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9 Cool Lizards in Tennessee

Tennessee, host to nearly 60 species of reptiles, is home to 9 unique species of lizards. These docile creatures, predominantly skinks alongside a few other types, provide a gentle contrast to the larger, more intimidating reptiles such as snapping turtles and the few alligators residing in the region.

In this guide, we’ll delve into the world of lizards in Tennessee, offering essential information about their habitats, diets, and locations. While some of these Tennessee lizards can make great pets, it’s important to remember never to remove them from their natural habitats.

Lizards, part of the Squamata order, represent a significant fraction of the global reptile population, boasting over 4,675 species worldwide. Of these, around 155 species can be found in North America. Let’s take a closer look at the lizards that inhabit the diverse landscapes of Tennessee.

Lizards in Tennessee

1. Northern Green Anole

Green Anole (Anolis carolinensis)
Green Anole (Anolis carolinensis)
  • Experience Level: Beginner 
  • Family: Dactyloidae
  • Scientific Name: Anolis c. carolinensis
  • Other Names: American anole, Red-throated anole
  • Adult Size: 5 to 8 in. (12.7 to 20.32 cm.)
  • Lifespan: 5 to 8 years
  • Average Price Range: $10

The northern green anole lizard is a subspecies that lives in the southern half of Tennessee. They are common throughout their range and have a stable population. Green anoles live in high-humidity areas, with lots of trees. They are active during the day, spending their time climbing trees, fences, and shingles. They are common lizards in urban areas.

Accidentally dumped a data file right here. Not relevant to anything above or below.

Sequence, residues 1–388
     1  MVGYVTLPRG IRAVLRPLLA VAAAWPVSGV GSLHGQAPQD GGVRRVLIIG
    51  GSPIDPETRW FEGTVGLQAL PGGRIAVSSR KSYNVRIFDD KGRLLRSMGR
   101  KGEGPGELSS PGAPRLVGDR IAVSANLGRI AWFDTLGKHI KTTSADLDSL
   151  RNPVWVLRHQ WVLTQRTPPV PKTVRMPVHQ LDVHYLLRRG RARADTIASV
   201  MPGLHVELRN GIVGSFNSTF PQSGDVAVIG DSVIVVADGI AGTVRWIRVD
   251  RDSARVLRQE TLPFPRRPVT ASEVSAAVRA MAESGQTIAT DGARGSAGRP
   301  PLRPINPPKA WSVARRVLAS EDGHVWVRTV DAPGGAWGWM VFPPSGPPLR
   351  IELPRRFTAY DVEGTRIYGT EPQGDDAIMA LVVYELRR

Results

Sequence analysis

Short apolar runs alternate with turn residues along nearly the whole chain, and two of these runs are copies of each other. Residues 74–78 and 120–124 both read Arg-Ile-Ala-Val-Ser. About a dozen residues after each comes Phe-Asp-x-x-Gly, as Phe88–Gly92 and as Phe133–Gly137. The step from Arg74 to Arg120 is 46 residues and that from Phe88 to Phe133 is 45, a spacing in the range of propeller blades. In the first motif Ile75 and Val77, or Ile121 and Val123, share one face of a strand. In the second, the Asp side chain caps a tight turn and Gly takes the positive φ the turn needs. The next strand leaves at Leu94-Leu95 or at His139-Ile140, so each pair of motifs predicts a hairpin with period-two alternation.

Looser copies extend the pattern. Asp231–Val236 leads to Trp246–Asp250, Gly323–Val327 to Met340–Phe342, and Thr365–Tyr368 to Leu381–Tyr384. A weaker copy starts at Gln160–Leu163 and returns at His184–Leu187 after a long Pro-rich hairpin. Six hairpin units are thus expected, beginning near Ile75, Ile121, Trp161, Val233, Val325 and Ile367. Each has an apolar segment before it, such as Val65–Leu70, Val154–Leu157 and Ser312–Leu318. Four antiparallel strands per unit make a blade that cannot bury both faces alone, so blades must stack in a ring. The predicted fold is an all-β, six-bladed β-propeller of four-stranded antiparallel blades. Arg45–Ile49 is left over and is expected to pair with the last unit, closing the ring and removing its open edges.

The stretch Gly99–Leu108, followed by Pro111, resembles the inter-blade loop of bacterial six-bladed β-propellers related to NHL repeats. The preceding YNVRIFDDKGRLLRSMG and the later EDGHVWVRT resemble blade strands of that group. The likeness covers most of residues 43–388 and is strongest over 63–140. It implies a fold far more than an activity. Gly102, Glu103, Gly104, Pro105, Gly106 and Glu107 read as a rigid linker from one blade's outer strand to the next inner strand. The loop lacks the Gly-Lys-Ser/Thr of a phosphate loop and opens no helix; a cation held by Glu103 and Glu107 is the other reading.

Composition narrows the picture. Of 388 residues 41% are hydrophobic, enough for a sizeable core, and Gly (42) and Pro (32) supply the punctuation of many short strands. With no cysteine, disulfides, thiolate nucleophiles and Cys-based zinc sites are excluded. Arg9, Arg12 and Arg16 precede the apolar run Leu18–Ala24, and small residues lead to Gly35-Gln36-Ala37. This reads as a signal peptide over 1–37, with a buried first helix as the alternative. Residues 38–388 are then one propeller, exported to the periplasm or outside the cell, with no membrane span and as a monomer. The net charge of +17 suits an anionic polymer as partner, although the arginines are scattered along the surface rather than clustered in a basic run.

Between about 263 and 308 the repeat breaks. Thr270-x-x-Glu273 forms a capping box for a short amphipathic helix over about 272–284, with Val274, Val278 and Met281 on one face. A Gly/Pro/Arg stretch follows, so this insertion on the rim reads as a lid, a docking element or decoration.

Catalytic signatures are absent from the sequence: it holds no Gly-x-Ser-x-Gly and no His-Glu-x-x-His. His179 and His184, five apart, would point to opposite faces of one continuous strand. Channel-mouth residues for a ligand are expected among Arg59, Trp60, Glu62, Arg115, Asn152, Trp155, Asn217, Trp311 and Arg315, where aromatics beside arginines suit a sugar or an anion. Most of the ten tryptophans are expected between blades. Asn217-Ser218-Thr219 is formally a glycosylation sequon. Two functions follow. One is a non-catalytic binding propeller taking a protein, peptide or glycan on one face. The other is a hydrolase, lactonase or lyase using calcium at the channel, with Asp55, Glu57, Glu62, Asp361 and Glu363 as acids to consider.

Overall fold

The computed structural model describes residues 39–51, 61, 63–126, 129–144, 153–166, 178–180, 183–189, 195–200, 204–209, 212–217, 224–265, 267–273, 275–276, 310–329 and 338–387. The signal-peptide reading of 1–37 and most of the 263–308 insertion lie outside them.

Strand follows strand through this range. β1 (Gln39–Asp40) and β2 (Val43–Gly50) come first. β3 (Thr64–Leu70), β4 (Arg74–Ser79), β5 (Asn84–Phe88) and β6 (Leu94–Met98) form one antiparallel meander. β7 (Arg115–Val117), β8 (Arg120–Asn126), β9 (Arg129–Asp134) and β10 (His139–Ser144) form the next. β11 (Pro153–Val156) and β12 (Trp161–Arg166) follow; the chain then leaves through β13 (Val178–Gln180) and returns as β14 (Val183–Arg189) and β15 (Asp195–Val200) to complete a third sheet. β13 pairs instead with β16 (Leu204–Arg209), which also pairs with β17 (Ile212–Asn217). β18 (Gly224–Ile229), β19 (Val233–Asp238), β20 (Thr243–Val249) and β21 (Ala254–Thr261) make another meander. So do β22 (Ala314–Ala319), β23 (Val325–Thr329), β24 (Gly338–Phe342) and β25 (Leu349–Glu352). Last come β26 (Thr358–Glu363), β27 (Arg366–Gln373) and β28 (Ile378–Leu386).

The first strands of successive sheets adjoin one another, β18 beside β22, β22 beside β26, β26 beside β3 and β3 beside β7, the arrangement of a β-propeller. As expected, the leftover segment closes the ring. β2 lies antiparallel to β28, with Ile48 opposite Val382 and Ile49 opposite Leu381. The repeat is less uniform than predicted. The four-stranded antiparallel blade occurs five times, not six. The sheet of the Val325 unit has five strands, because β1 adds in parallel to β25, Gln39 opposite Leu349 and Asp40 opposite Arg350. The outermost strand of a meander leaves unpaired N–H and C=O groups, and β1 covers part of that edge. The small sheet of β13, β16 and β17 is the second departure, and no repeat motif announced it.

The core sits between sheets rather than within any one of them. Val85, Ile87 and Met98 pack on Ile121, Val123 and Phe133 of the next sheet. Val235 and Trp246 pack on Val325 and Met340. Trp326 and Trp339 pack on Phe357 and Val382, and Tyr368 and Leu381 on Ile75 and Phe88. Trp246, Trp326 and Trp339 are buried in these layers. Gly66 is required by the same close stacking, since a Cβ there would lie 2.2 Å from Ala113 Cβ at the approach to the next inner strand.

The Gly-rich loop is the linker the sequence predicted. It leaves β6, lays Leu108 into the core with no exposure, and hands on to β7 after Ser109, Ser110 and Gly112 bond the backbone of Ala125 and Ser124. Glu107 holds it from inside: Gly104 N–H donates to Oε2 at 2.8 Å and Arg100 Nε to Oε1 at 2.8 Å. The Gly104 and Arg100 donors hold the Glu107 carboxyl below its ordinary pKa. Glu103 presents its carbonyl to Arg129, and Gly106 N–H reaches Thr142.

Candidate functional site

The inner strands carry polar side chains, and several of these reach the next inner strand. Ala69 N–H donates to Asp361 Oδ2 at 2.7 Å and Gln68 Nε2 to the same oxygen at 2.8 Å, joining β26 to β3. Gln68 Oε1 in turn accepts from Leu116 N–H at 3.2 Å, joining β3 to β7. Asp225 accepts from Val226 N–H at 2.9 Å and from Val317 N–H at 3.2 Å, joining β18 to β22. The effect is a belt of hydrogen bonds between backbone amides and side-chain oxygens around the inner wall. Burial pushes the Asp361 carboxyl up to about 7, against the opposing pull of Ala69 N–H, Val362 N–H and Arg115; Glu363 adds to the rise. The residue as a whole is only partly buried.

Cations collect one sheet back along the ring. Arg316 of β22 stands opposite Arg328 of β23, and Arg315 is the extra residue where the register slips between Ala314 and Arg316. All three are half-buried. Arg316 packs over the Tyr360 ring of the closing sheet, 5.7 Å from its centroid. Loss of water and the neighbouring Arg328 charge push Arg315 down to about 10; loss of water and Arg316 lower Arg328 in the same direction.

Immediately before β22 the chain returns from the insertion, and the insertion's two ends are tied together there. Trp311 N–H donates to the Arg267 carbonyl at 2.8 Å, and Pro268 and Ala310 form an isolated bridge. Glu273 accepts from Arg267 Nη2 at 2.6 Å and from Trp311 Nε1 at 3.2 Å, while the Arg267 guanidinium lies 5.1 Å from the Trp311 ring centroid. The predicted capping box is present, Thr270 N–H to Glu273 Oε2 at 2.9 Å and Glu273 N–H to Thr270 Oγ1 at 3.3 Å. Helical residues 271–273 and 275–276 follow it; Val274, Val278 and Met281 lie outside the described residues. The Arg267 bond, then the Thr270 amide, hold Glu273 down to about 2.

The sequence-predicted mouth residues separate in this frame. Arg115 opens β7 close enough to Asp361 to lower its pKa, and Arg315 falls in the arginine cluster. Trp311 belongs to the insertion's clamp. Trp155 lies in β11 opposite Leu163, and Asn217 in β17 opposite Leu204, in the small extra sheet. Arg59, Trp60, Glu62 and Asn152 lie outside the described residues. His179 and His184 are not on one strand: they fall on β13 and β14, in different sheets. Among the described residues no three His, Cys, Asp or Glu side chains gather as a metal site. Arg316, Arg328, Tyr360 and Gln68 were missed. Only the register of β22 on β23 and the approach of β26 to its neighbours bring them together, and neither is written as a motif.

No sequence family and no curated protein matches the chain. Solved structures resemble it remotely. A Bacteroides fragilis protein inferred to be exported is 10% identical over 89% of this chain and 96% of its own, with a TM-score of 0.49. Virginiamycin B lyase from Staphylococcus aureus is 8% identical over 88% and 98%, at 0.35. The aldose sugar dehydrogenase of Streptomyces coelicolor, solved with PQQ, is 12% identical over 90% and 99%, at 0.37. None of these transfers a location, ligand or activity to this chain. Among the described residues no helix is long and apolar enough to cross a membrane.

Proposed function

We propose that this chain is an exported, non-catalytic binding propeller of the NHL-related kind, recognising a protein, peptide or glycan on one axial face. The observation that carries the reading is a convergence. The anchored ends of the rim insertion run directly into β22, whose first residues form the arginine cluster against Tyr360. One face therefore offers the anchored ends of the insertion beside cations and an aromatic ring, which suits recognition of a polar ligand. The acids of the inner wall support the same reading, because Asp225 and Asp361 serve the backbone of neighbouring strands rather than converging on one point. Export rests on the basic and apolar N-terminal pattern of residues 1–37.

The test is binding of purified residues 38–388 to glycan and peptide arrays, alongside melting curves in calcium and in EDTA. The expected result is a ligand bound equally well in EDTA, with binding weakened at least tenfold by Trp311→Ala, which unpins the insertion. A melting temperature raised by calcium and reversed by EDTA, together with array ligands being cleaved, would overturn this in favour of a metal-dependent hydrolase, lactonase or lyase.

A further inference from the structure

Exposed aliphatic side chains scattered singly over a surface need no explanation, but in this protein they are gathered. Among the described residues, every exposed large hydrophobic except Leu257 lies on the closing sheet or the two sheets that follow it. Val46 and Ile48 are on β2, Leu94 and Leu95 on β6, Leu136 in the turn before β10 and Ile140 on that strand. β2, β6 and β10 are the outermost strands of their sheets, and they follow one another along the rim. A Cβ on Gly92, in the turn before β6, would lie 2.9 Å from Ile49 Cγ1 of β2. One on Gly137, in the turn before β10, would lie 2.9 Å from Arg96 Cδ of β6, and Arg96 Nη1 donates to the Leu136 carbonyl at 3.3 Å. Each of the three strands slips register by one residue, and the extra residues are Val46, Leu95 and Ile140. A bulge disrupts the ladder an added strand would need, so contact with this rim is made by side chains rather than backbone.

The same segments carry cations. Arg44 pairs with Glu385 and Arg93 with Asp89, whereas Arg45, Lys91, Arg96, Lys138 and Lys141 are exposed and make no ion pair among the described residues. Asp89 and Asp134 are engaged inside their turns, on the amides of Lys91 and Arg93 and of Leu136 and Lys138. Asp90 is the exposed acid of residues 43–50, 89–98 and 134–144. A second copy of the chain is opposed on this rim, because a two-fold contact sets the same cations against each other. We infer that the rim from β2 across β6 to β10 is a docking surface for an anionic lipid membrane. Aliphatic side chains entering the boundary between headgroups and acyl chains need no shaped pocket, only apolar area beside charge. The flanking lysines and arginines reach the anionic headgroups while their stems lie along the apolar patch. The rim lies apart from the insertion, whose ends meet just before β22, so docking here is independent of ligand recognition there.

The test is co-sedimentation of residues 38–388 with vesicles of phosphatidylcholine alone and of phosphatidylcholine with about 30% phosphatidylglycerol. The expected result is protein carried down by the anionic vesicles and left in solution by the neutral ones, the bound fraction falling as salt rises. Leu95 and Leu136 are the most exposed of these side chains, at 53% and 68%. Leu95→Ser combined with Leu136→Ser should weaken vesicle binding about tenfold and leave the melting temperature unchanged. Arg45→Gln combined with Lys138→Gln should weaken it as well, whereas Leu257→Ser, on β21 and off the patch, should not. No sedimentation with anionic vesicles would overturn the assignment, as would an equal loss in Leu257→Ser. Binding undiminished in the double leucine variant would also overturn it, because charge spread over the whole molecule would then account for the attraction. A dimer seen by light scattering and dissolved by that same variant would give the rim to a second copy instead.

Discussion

Medium in size, green anoles are named after their green hue. They can also appear brown, and their color changes depending on their mood, temperature, and environment. Green anoles have a pointed head, with toe pads that help them climb. Males are larger and have a red coloring under their throats.

Male green anoles are territorial and will fight other males that get near them. This lizard feeds on animals like spiders, grasshoppers, beetles, flies, crickets, and other small invertebrates. Larger lizards like the broad-head skink, cats, and birds are what eat this lizard. To help escape they are capable of dropping their tails, which grow back, but shorter.

2. Eastern Fence Lizard

Eastern Fence Lizard (Sceloporus undulatus)
Eastern Fence Lizard (Sceloporus undulatus)
  • Experience Level: Intermediate
  • Family: Phrynosomatidae
  • Scientific Name: Sceloporus undulatus
  • Other Names: Prairie lizard, fence swift, pine lizard, gray lizard
  • Adult Size: 4 to 7.25 in. (10.16 to 18.41 cm.)
  • Lifespan: 4 years
  • Average Price Range: $20

Found state-wide across Tennessee, the Eastern fence lizard inhabits various habitats. They are most common in dry and open forests. During the day these lizards bask in the sun on things like trees, rocks, fence posts, and stumps. At night they find crevices to hide in or may even go underground.

The Eastern fence lizard is medium-sized with a robust body. They have gray to brown coloring with keeled scales. Males are smaller and have a uniform color. Female eastern fence lizards may have a dark wavy pattern on their back. Blue or greenish scales appear on the sides of males’ bellies, and under their necks.

These lizards begin to breed in the summer and spring months. The blue patches on males are used to attract mates, and they are aggressive to other males in their territory. Females lay between 1 to 4 eggs, placing them in areas like under logs, or in leaf litter.